Cattle could benefit from enzyme boost, says study

By Paul Gander

- Last updated on GMT

'The literature is filled with conflicting outcomes when using exogenous enzymes.' © istock
'The literature is filled with conflicting outcomes when using exogenous enzymes.' © istock

Related tags: Immune system

The use of exogenous enzyme supplementation has been shown to improve feed efficiency, support beneficial microflora and suppress pathogens, but a new study says there has been too little research on the benefits for ruminants as opposed to other livestock.

Supplementation is widespread in poultry and swine, in particular, with reported benefits including an increase in feed conversion efficiency, the release of nutrients trapped in insoluble matrices and the release of oligosaccharides, with their positive effect on gut flora. 

The review, carried out by scientists at the University of California, Davis, found there was a widespread reluctance to extend this supplementation to ruminants. This was based on the perception that ruminal hydrolysis made such enzymes ineffective and, in any case, could not be improved by supplementation. 

Speaking to FeedNavigator, professor in the Department of Animal Science and co-author of the paper Ermias Kebreab said: “The literature is filled with conflicting outcomes when using exogenous enzymes. However, the studies also use all sorts of doses and substrates, so different results are to be expected. Research needs to narrow down on dose, diet, environment, stage of lactation – in dairy – and other variables, in order to understand the effectiveness better.”​ 

The reported effectiveness might have deterred some researchers in the past, he said, but there was a need to find out why the enzymes worked in some conditions and not in others.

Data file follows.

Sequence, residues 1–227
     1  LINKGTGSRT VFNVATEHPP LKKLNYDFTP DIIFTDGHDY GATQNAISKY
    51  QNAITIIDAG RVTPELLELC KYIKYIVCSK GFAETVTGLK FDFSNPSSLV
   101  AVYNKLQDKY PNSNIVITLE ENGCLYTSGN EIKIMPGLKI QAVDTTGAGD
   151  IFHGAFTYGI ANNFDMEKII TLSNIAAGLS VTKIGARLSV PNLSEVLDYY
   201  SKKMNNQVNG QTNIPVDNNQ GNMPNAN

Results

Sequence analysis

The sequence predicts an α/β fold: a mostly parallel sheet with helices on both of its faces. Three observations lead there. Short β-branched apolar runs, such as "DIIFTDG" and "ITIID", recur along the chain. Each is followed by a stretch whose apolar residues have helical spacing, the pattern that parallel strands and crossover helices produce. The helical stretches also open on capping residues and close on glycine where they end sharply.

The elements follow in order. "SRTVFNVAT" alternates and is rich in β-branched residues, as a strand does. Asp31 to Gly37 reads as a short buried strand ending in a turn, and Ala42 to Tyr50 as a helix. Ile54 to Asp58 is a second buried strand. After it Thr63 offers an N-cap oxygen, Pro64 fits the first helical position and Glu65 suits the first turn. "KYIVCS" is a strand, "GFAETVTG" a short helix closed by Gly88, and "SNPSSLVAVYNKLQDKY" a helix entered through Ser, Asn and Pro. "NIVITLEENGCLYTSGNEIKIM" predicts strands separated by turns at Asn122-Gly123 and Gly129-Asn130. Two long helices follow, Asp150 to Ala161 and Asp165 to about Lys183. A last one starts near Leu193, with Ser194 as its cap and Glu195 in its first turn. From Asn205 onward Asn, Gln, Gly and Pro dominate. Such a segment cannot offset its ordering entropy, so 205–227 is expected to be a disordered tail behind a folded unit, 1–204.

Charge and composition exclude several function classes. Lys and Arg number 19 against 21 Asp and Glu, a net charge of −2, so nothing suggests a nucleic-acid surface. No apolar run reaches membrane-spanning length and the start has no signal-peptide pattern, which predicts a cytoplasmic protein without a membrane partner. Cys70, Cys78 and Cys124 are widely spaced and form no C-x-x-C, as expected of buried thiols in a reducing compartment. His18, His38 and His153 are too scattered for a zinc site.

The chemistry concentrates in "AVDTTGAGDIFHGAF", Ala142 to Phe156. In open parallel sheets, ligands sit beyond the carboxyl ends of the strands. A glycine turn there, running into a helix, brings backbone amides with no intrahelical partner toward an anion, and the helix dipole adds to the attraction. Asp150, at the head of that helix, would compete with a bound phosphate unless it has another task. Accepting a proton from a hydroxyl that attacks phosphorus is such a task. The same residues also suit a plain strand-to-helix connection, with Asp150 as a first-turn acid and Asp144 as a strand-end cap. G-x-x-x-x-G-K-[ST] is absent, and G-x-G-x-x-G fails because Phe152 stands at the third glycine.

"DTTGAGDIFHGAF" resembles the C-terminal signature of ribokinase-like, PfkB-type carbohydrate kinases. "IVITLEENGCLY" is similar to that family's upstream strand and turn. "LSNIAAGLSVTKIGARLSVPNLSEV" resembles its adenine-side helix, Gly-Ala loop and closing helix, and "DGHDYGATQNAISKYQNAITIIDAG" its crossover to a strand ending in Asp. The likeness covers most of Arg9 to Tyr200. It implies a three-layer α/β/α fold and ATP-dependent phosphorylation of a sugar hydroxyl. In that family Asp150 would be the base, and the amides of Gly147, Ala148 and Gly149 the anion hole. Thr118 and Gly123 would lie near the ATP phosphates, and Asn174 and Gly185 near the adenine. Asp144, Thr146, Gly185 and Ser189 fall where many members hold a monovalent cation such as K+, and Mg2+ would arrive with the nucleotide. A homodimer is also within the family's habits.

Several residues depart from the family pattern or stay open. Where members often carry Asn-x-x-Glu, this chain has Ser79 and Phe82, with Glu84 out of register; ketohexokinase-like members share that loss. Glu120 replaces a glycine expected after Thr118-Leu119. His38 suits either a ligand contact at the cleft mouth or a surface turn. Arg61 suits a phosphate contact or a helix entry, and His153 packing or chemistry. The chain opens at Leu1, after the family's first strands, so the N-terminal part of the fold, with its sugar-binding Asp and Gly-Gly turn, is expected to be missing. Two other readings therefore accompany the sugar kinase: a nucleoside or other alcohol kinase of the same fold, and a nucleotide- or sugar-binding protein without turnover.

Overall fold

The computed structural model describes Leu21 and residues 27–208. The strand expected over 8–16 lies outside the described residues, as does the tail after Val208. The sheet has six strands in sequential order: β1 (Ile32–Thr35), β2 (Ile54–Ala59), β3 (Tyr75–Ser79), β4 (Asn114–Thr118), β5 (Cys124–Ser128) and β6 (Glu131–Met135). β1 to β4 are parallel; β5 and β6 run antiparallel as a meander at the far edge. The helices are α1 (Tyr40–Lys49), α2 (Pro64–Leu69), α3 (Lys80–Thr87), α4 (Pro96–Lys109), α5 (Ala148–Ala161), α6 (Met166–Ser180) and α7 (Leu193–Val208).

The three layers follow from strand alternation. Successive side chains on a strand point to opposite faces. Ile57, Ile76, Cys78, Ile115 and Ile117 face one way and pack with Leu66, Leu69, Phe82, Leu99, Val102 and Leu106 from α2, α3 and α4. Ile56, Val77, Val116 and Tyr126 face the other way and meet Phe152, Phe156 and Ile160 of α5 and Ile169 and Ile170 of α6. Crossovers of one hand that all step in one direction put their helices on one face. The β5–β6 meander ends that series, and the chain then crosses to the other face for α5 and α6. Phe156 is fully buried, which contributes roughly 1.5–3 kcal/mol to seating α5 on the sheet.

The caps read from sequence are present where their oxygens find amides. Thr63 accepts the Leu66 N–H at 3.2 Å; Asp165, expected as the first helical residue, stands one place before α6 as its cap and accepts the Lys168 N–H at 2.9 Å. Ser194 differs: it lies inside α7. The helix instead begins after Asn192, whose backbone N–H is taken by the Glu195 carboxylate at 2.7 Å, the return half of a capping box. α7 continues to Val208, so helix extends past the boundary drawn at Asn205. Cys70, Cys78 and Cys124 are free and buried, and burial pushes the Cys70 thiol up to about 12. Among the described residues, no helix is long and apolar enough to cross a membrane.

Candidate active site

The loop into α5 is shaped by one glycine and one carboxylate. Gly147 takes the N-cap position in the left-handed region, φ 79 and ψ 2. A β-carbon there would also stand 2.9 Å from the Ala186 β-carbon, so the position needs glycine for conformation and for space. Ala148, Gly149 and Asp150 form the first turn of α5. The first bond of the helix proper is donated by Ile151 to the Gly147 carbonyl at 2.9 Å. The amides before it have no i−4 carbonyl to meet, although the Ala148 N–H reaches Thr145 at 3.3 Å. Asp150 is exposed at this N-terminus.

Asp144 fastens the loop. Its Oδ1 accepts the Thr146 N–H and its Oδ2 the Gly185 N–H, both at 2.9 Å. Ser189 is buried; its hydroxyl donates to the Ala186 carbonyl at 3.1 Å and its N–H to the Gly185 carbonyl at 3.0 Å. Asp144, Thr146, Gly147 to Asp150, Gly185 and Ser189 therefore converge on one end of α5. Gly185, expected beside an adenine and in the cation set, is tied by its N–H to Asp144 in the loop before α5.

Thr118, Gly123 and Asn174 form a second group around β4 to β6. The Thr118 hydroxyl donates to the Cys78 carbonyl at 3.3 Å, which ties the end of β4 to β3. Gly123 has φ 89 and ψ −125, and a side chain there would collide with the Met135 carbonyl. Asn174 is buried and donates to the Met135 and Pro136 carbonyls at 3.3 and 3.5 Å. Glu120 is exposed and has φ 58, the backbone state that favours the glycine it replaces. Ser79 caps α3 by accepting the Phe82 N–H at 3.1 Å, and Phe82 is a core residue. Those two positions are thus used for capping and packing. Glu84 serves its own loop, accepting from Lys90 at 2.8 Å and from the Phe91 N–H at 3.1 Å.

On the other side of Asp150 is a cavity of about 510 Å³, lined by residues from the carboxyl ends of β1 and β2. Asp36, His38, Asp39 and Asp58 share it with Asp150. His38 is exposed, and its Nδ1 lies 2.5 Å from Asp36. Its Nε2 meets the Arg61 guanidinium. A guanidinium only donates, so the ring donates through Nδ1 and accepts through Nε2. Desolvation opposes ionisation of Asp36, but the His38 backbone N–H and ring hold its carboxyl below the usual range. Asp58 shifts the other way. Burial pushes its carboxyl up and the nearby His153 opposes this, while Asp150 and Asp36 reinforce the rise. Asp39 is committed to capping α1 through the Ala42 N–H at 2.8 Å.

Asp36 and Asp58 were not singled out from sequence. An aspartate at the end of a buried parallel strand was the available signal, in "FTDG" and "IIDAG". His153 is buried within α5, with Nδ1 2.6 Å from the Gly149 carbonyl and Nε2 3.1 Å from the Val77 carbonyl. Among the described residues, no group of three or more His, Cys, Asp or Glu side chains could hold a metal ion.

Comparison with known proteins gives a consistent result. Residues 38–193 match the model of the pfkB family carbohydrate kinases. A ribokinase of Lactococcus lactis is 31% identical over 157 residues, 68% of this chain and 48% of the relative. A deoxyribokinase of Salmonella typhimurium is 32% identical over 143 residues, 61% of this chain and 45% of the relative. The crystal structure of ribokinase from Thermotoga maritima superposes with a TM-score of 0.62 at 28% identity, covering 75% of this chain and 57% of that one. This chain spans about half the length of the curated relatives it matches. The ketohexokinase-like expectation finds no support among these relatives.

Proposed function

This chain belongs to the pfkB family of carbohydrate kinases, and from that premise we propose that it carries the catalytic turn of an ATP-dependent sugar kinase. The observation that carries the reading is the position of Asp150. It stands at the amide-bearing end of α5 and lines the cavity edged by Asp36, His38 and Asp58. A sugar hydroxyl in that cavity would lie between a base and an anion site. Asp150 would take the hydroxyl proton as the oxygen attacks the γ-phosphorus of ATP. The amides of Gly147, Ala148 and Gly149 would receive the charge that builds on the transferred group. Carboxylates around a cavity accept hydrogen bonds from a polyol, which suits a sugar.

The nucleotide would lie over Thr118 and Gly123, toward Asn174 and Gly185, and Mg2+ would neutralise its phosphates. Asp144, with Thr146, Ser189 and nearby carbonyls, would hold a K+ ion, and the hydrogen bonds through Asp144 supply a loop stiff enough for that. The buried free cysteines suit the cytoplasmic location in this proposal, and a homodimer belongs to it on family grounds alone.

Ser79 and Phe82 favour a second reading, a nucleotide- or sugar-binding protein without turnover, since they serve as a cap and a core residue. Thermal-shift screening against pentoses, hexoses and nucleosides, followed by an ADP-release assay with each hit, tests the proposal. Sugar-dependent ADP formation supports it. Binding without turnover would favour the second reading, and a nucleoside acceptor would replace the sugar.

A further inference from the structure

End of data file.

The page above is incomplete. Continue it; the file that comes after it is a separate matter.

The Californian study mapped research relating to amylolytic, proteolytic and fibrolytic enzymes. Among fibrolytic enzymes, it focused on β-mannanase, targeting β-mannan in feed components including palm kernel meal, soybean hulls and soybean meal. 

Feed conversion efficiency

Regarding β-mannanase, Kebreab said: “Most of the effectiveness shown related to improved feed conversion efficiency and lower cell counts (or lower bacterial load in milk) – which is a proxy for gut health. It has been shown to have a positive impact on fertility rates, as well.”

He explained why mannans can be detrimental to the animal’s immune system. “They can be recognized through the mannose receptor as foreign bodies, inducing an innate immune response in the gastrointestinal tract. A redistribution of the nutrients towards supporting the immune response decreases the optimal use of nutrients, depressing performance of the animal.”

One aim of the study, Kebreab added, was to encourage more research into the merits of some classes of exogenous enzymes. In particular, the paper called for more of a focus on mechanisms of action and the long-term effects of β-mannanase in ruminants, especially lactating dairy cows.

Further areas for future research, the paper concluded, should include the survival of exogenous enzymes in the rumen and cost-effective dosing.

‘Role of exogenous enzyme supplementation to improve nutrition and health of ruminants’, by Breanna M. Roque, Jayasooriya Appuhamy and Ermias Kebreab, Broadening Horizons (Feedipedia), No. 41, May 2017.

http://www.feedipedia.org/content/role-exogenous-enzyme-supplementation-improve-nutrition-and-health-ruminants

 

Related topics: North America, Cattle - dairy, R&D, Enzymes

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